Grief is part of life.
That is particularly true in times of loss, especially the loss of a loved one.
Death has been an increased topic of discussion in the news in recent weeks, as the number of people whose lives have been taken by coronavirus goes up every day.
So, how does one grieve in a time when people are being ordered to stay at home and are encouraged to distance themselves from others?
How are changes in how people are allowed to express their grief impacting them?
Some local faith leaders and funeral directors addressed the idea of grief and how they in their capacities are helping people along the journey.
According to Bryant Kaden, Gloria Dei Lutheran Church pastor, the reality is that grief takes time.
“It is not something you leave behind and ‘move on’ from,” Kaden explained. “I think the best encouragement is to honor your feelings as you experience them and to learn how to deal with them in healthy ways.”
Kaden added there is no wrong way to feel, but there are healthy and unhealthy ways that people can deal with their feelings, and he tells people the best thing to do is start with acknowledgement of the feelings one is having and then express emotions in ways that do no further harm.
Interaction with families has changed for pastors and local funeral directors, as they are often not meeting with people face to face but through contact via phone and online communication services.
Tony Hesse, who serves a number of Catholic churches in the Redwood area, including St. Catherine’s, indicated he is still communicating with his flock in some of the same ways, as he writes in weekly newsletters and addresses issues like grief regularly from the pulpit during Mass.
Yet, added Hesse, the regular visitation of parishioners, whether at their homes, nursing homes, assisted living facilities or hospitals, has definitely been altered.
“That has been hard,” he explained, adding now he is spending more time on the phone communicating with them in that way.
According to Nathan Stephens of the Stephens Funeral Service, one of the major changes he is experiencing is in those communications with families who are dealing with loss of their loved one.
“Oftentimes when we go to a hospital or nursing home our first contact with the families is in person,” Stephens explained. “Now we are often in communication with them over the phone.”
The loss of that interaction with those who are trying to help people cope with their grief can exacerbate what people are feeling.
According to Al Hillestad of Nelson-Hillestad Funeral and Cremation Services, the option of meeting with families still exists, so long as social distancing is practiced and health concerns are also being addressed.
Stephens in some cases in-person meetings can take place under the same circumstances.
According to Hesse, the Bible has a lot to say about grief.
“I believe Jesus says it best in Matthew’s Gospel, ‘Come to me, all you who labor and are heavy burdened, and I will give you rest’ (Mt 11:28). Jesus does not want us to feel alone or alienated in our grief. He wants us to come to him with it, or with anything that we are burdened,” explained Hesse. “However, in the next sentence he invites us to ‘Take our yokes upon us and learn from him, for he is meek and humble of heart’ (Mt. 11:29). In other words, Jesus wants us to come to him with our burdens, but that does not mean that he will take them from us. Like Jesus in the Garden of Gethsemane, who went to his father to ask for him to take the cup of suffering from him, but eventually he also was willing to accept it (see Mt 26:39, Mk 14:36, Lk 22:42). Likewise, the father wants to be there for us like he was for his son. However, like his son, we may still have to suffer, but remember, we are not alone. God is with us.”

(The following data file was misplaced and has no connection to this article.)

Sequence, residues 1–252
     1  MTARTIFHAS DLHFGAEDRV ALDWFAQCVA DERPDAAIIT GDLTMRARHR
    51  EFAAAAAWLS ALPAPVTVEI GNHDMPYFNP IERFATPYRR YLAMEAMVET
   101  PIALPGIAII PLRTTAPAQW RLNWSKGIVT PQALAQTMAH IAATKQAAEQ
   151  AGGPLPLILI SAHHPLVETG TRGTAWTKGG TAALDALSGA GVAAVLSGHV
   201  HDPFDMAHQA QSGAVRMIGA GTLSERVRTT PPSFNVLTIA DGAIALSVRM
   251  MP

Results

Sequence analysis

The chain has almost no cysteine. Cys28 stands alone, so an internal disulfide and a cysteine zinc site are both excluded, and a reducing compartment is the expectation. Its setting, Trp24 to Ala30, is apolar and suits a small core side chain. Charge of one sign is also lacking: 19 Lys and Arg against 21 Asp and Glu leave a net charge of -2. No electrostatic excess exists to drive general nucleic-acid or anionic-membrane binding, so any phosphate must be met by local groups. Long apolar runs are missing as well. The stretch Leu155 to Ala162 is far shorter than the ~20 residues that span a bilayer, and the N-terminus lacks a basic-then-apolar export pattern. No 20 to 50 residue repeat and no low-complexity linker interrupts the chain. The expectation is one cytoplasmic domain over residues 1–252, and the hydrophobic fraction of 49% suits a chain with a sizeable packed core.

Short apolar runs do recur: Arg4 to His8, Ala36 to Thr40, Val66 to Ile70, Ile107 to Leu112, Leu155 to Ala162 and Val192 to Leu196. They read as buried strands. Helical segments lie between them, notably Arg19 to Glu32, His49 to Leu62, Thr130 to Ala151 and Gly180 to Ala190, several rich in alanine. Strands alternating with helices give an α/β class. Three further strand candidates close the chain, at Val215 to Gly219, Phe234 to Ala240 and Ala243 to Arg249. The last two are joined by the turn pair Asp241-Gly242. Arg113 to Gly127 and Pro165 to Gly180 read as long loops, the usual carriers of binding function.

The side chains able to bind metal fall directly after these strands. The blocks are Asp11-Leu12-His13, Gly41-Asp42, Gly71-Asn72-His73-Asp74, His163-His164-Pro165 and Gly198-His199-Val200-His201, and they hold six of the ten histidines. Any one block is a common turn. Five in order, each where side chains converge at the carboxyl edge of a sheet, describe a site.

According to Kaden, for the Christian there is hope in the midst of grief.
“There is, of course, the hope of heaven. Death and grief do not have the final word or claim on our lives,” explained Kaden. “Our weeping will be replaced with joy in being united with God and our loved ones in the hereafter. Until that time, however, it should also be said that, through the experience of becoming truly human in Jesus Christ, God understands your suffering and is present with you in your grief. Jesus weeps alongside you. Even apart from the hope of eternal life, there is comfort in that, I think. Ultimately, whether we are in deep grief, or simply trying to get through life the best we can, we need to know that we are not alone.”
How we reassure people of that connection right now has changed because of COVID-19, added Kaden, but that is the heart of what he would want people to know.
“You are not alone. You are loved,” explained Kaden.
For youth, grief is just as much of a reality, and, at times, it may be easy to forget about them.
Chris Schmitz, Redwood Falls Youth for Christ director, tries to help youth as much as he is able. That has been much more of a challenge recently.
“It is difficult to work remotely. As Minnesotans, we are already prone to bottling up our emotions (at least those on the far ends of the emotional spectrum, like grief) and that has only gotten worse with the isolation of pandemic protocols,” explained Schmitz. “I am not a cautious person by nature (those who know me are shaking their heads in agreement) and my inclination is meet with kids anyway, but in small groups that obey the mandate. However, we have national office that determines our chapters’ best practices and they have determined our protocols with a ‘no face-to-face’ interaction model. All of our clubs and get-togethers have transitioned to online models.”